Long ago, I wrote about the challenge of voting our faith in today's society.
I've thought long and hard about this post today, because this isn't a political blog, and because I know that what I have to say here will not be popular with some of my regular readers. But God calls us to speak the truth in all things, even when it's unpopular, so speak I will--and you can take it or leave it as your own prayerful reflection deems appropriate. But consider that if you're in doubt, you might have landed here for a reason. One of the reasons I'm writing this post is that I've gotten a huge amount of search traffic over the past couple of days on terms like "vote your faith" and "voting your faith 2008". It's obviously an issue weighing heavy on our minds.
There are, of course, issues and arguments on both sides of the fence. As I pointed out in my earlier post, neither the Democrats nor the Republicans, neither John McCain nor Barack Obama, sets forth views that are entirely in line with Catholic teaching. Many Catholic voters are focused, and have been focused for many years, on the issue of abortion. That's unfortunate, since aside from appointing Supreme Court Justices, the President has almost nothing to do with the issue of abortion--it's a matter of state law. And, of course, the Supreme Court rulings on abortion issues haven't changed significantly since Roe v. Wade was decided in 1973, despite several changes in administrations. That's 35 years of wasted votes.
And sometimes even that goes wrong. George W. Bush somehow managed to garner support as a "pro-life" President despite signing the most egregious futile care statute ever enacted in the United States. I'm pretty sure that Andrea Clark's family didn't view President Bush as "pro-life".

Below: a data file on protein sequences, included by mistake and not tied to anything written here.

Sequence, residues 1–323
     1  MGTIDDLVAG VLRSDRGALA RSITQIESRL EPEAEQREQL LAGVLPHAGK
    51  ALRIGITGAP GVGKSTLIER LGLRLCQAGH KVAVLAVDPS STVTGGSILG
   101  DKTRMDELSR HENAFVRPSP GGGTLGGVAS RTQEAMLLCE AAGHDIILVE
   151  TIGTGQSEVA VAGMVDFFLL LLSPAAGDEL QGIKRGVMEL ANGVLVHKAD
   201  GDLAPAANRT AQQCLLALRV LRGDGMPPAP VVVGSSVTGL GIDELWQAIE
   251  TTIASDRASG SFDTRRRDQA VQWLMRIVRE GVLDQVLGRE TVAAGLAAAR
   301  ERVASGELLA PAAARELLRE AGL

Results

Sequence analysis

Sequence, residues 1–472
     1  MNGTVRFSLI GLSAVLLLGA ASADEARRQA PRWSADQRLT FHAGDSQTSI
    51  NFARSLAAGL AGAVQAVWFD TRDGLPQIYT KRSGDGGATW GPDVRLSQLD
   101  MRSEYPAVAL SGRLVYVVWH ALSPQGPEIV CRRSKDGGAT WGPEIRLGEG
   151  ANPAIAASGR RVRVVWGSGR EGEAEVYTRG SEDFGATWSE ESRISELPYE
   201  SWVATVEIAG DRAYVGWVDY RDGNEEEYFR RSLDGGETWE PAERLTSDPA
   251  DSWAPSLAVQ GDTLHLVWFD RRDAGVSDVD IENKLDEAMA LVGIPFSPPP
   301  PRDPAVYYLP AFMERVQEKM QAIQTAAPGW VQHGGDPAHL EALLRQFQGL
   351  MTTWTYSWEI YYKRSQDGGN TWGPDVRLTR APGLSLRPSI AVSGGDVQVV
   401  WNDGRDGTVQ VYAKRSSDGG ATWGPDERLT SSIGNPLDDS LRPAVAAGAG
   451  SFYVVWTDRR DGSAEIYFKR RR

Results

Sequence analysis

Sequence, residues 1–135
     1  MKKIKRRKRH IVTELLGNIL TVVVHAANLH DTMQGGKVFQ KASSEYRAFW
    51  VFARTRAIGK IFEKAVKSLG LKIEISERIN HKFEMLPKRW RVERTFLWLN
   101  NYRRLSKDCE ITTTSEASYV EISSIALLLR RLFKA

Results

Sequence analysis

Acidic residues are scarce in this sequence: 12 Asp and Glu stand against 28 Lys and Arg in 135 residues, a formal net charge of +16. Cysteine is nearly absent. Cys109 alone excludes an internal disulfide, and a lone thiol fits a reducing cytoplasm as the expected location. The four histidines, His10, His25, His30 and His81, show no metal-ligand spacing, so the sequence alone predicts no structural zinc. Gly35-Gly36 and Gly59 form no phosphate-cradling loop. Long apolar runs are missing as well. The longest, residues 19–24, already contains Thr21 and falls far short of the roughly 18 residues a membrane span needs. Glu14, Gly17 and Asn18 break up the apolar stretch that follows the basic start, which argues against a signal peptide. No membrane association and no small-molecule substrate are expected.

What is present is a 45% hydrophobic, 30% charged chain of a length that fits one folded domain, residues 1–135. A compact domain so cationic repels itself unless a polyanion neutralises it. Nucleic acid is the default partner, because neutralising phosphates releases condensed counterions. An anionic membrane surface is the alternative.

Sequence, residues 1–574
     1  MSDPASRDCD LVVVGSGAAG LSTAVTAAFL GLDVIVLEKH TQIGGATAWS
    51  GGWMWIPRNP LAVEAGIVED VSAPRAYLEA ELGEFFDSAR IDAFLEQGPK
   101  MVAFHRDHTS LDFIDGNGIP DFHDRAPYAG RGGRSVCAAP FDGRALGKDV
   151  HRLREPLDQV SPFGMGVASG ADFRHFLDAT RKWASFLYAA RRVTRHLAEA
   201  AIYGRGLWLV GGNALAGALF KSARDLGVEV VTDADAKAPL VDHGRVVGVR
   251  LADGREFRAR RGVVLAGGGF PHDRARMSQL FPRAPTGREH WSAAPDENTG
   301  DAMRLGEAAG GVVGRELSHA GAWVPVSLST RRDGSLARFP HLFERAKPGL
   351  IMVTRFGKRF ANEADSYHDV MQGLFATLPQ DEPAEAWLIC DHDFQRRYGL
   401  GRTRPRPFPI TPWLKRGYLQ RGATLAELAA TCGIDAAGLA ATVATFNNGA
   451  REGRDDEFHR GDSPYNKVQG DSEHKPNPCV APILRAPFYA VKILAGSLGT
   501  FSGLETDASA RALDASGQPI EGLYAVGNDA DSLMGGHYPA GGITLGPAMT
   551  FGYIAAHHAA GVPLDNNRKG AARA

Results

Because the issue of abortion is so stark, it sometimes overshadows other issues that are just as important to our society. Issues like how we think of and treat other human beings, how we discharge our responsibility to feed the hungry and clothe the naked, and whether we put value in loving one another or in profit and prestige. Maybe we overlook these things because they're not so dramatic and obvious and in-your-face as issues like abortion...or maybe we overlook them because they're uncomfortable.
Why are we worried, for instance, about tax increases? Doesn't the Bible tell us to give Caesar what is Caesar's, and not to store up our treasures on earth? The Bible tells us, also, to feed the hungry, to tend to the sick, but we want to do it our way. So many good Christians respond to this point with a mental (or actual) foot stomp, a "yes, we're called to do that, but AS WE CHOOSE--the government shouldn't be making the decision for us."
Perhaps. But what are we holding on to? Control? Possessions? The ability to judge who among us is worthy of help? Is any of those things a valid attachment? And isn't the root issue bigger than that, anyway? Isn't the root issue about the kind of society we want to live in, about whether we want a leader who believes his mission is to tend to all sheep or to maintain and intensify a system that has us competing against one another for success--for our very survival--rather than viewing our fellow man as something precious regardless of his station in life?
I'm in favor of life, and life means much more than outlawing abortion. It means and end to capital punishment (as the Catechism teaches), an end to unjust wars, an end to statutes that allow doctors to decide it's not worth caring for someone anymore, an end to people dying of curable diseases because they can't afford medical care, an end to women thinking abortion is their only option because they lack emotional support and medical resources and a means to feed their children, an end to a legal structure that makes it profitable for major corporations to injure and even kill consumers and so very much more. It means painting a world where the phrase "not my problem" is recognized for the nonsense that it is.
Lets take a step toward creating that world tomorrow.